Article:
Why are you here?

Why are you here?

This is a question you’ll hear more than once if you sign up for a tour in Americorps, starting with your application interview before you even get in. And it’s one I’ve had trouble articulating for this particular tour. I mean, anyone who knows me knows I’m not a kid person. And yet, I’ve chosen to work with kids for the year. And while I’m all for stretching yourself and personal growth challenges and all, none of that ever really did more than provide a description of what was going to happen, not why I did it in the first place.

Then today I was reading Me to We (a book I highly recommend, btw), when I came across one story in which the same thing was asked of another woman who had devoted her life to service. Her answer? Because it’s the right thing to do. No more, no less. Nothing fancy or inspirational or woo-woo, no blathering on about purpose, passion or personal gifts. Just simply, it’s the right thing to do.

Of course, I firmly believe in purpose, passion and gifts. And I know from inspiration – I’ve been there more times than I can count. But when I read her response, I felt a resonance with it and recognized that in trying to come up with something deeper, more meaningful for an answer, I had overlooked the obvious. I do it, as she does, because it’s the right thing to do.

Why serve in the first place? Because it’s the right thing to do. No more. No less. Why kids? Because that’s where the need was. No sudden burning desire to make up for lost time with the wee ones (no – God no). No higher purpose, no divine calling. But really, need there be? Isn’t it enough to simply be called to do what needs to be done, because it needs to be done, where the need presents itself?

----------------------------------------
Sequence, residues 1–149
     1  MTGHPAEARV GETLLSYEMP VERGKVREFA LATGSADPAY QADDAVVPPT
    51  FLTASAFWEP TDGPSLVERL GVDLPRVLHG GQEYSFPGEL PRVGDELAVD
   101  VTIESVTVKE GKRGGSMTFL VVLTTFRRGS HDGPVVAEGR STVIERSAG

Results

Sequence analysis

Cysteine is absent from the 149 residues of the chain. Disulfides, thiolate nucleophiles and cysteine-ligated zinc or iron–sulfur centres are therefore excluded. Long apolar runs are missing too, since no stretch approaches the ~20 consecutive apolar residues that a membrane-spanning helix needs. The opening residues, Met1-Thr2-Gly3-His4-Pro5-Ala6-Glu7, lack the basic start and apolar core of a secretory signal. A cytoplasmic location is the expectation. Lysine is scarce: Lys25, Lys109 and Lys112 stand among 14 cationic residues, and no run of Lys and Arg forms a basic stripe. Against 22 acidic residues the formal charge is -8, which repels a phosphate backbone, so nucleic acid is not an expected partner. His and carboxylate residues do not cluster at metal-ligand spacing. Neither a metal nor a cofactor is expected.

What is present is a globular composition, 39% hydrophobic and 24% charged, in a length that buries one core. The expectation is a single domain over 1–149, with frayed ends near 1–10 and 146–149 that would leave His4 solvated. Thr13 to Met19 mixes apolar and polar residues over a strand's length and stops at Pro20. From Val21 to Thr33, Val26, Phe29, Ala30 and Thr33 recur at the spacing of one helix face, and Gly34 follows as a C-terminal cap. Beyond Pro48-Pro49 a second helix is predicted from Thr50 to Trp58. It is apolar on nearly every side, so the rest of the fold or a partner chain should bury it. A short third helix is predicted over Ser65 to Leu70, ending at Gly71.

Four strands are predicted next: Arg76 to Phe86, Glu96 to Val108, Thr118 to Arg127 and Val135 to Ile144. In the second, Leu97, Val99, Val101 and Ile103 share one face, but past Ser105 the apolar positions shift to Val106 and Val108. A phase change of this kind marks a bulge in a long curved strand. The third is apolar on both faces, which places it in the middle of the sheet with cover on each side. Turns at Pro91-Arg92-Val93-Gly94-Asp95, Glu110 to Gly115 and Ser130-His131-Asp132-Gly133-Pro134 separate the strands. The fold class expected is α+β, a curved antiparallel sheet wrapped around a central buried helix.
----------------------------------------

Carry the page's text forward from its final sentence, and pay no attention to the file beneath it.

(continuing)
I have nothing but admiration for those to whom working with kids is a calling. It’s truly God’s work. And for those who have been inspired, called, divinely revealed or otherwise assured that working with kids is indeed going to be their life’s passion and purpose, well by God, more power to you.

But that’s not me. And I’m okay with that. I have my own passions, purpose and gifts and another reason for taking this position was to have a year “off” from dealing with them so they’d settle down where I could get a clear view of them so I could decide where I wanted to go with them. And that’s working out for me, too. The more time and space I get away from my passions, the clearer they get and the more defined they are in my mind. And in the meantime, I’m content to simply be doing the work that needs doing. It feels like the right thing to do right now.

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